# Integral geometry

The theory of invariant measures (with respect to continuous groups of transformations of a space onto itself) on sets consisting of submanifolds of the space (for example, lines, planes, geodesics, convex surfaces, etc.; in other words, manifolds preserving their type under the transformations in question). Integral geometry has been constructed for various spaces, primarily Euclidean, projective and homogeneous spaces.

Integral geometry is concerned with the introduction of invariant measures (cf. Invariant measure), their relationships and their geometric applications. It arose in connection with refinements of statements of problems in geometric probabilities.

In order to introduce an invariant measure one tries to begin with a function depending on the coordinates of the space under consideration whose integral over some region of the space is not changed under any continuous coordinate transformation belonging to a specified Lie group. This requires finding an integral invariant of the Lie group. The latter can be found as a solution to the system of partial differential equations

$$ \tag{1 } \sum _ { i= 1} ^ { n } \frac \partial {\partial x _ {i} } [ \xi _ {h} ^ {i} ( x) F ( x) ] = 0 ,\ \ h = - 1, \dots, r , $$

where $ F ( x) $ is the required integral invariant, $ x $ is a point of the space (having dimension $ n $), $ \xi _ {h} ^ {i} $ are the coefficients of the infinitesimal transformation of the group, and $ r $ is the number of parameters of the transformation. Of great significance in integral geometry are measurable Lie groups, that is, groups that admit one and only one invariant (up to a constant factor). In particular, simple transitive groups are of this type.

The following problem in integral geometry consists of determining a measure on a set of manifolds that preserve their type under some group of continuous transformations. The measure is given by the integral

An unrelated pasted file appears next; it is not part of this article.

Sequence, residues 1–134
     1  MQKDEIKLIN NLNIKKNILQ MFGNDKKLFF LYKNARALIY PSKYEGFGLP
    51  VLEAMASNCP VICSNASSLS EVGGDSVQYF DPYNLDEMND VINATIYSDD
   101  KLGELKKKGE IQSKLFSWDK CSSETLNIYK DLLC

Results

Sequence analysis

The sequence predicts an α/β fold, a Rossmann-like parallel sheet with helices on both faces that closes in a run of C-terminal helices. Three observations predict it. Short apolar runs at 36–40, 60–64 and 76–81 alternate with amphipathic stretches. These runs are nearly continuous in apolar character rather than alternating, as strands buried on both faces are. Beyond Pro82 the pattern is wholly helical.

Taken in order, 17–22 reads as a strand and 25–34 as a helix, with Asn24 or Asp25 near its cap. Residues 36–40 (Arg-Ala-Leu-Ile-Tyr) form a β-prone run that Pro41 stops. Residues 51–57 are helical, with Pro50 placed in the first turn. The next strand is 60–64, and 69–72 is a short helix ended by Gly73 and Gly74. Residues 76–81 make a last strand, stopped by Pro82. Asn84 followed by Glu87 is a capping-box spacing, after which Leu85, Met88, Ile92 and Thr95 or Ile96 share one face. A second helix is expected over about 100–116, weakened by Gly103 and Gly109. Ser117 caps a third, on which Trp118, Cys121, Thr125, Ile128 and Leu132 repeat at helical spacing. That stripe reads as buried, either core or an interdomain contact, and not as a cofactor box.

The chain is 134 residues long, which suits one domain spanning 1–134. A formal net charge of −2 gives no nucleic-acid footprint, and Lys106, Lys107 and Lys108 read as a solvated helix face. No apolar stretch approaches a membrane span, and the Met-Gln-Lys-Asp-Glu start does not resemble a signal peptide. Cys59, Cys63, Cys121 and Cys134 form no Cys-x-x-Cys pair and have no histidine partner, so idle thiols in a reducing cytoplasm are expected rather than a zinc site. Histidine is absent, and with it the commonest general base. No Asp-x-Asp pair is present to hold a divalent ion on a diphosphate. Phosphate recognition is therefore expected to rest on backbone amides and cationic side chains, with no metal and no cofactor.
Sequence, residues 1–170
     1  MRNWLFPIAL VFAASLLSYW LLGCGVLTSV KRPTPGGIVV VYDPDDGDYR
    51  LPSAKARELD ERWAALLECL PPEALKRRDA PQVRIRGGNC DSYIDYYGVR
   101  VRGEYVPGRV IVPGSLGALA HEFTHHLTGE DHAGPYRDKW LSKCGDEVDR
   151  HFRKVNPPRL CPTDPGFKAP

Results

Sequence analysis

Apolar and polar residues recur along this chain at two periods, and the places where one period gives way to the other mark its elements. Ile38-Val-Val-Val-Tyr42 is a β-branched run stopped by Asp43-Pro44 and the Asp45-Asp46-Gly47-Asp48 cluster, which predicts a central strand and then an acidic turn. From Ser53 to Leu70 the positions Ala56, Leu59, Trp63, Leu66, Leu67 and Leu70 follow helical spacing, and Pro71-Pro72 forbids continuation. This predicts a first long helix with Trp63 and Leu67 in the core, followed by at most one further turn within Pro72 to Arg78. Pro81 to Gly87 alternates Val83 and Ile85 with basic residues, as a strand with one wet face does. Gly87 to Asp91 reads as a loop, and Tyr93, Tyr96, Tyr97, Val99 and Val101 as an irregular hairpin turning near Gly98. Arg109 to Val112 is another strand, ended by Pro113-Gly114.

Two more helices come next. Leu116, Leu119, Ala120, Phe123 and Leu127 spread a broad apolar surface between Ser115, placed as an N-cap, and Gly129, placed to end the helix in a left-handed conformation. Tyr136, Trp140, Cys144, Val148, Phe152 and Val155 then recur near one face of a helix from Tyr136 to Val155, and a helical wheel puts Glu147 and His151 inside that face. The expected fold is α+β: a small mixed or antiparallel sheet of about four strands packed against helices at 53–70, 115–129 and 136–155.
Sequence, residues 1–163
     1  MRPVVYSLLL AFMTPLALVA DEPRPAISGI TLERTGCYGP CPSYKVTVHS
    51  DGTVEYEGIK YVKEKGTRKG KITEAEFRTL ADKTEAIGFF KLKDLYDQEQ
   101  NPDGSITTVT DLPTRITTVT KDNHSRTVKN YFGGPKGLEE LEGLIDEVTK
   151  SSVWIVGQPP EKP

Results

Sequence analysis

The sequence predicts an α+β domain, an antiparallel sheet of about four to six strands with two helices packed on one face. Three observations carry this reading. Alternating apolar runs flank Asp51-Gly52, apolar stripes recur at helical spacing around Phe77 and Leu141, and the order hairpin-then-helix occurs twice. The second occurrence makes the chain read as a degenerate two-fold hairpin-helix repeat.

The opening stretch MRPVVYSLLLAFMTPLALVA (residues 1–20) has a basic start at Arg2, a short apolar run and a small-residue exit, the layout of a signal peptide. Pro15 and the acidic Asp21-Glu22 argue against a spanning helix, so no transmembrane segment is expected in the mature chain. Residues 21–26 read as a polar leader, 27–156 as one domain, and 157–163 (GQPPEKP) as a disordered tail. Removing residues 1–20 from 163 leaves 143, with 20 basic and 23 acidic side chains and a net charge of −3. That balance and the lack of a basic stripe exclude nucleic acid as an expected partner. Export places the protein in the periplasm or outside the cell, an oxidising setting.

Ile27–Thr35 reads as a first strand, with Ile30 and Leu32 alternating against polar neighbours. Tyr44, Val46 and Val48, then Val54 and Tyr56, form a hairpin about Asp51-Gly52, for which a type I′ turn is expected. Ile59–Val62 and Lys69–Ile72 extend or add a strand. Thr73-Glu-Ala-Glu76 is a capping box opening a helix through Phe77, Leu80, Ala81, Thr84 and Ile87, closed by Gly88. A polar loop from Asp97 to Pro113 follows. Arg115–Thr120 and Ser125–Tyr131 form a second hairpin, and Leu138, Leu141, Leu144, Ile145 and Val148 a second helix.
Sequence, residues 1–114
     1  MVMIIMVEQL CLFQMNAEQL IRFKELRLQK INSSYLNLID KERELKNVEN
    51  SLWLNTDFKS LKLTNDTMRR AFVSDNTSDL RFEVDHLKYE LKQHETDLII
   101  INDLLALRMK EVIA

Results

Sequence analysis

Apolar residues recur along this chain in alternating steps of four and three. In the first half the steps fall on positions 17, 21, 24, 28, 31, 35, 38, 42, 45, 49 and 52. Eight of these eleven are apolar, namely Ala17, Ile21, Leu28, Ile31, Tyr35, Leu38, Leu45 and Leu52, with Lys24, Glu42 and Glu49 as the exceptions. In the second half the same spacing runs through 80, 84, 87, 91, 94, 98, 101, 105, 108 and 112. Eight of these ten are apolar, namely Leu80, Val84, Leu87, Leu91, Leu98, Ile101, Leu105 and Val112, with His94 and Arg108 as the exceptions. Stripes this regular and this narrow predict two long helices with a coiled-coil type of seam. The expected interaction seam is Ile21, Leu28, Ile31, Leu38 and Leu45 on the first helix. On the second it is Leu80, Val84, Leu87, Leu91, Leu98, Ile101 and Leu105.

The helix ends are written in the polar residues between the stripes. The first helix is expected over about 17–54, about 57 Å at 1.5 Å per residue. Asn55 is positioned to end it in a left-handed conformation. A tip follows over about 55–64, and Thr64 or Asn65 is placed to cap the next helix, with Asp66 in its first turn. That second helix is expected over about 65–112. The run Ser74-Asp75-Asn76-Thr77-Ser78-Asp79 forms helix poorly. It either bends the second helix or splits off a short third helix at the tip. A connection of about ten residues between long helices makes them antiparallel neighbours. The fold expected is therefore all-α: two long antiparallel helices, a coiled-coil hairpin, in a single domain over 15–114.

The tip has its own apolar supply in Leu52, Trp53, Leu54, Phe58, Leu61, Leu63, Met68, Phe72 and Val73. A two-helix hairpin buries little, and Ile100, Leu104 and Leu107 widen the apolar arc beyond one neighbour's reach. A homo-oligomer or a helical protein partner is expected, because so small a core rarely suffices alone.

$$ \tag{2 } \int\limits _ {A _ \alpha } | F ( \alpha ^ {1} \dots \alpha ^ {q} ) | \ d \alpha ^ {1} \wedge \dots \wedge d \alpha ^ {q} , $$

where $ A _ \alpha $ is a set of points in the parameter space of the Lie group and $ F $ is an integral invariant of the group, defined by equation (1), or the density measure. The integral in (2) is also called an elementary measure of the set of manifolds. A specific choice of this measure sets up a complete correspondence with the fundamental problem in the study of geometric probabilities. In fact, the geometric probability of a set of manifolds having a property $ A _ {1} $ is the fraction of this set, regarded as a subset of the set of manifolds having a more general property $ A $. The problem reduces to establishing the measures of a set of manifolds with property $ A $ and of the subset with property $ A _ {1} $, and taking the ratio of them, the latter being the geometric probability.

In the case of a homogeneous multi-dimensional space, the measure of a set of manifolds (for example, points, straight lines, hyperplanes, pairs of hyperplanes, hyperspheres, second-order hypersurfaces) is uniquely defined (up to a constant factor) by the integral

$$ \tag{3 } \int\limits _ { X } d H = [ \omega _ {1} \dots \omega _ {h} ] , $$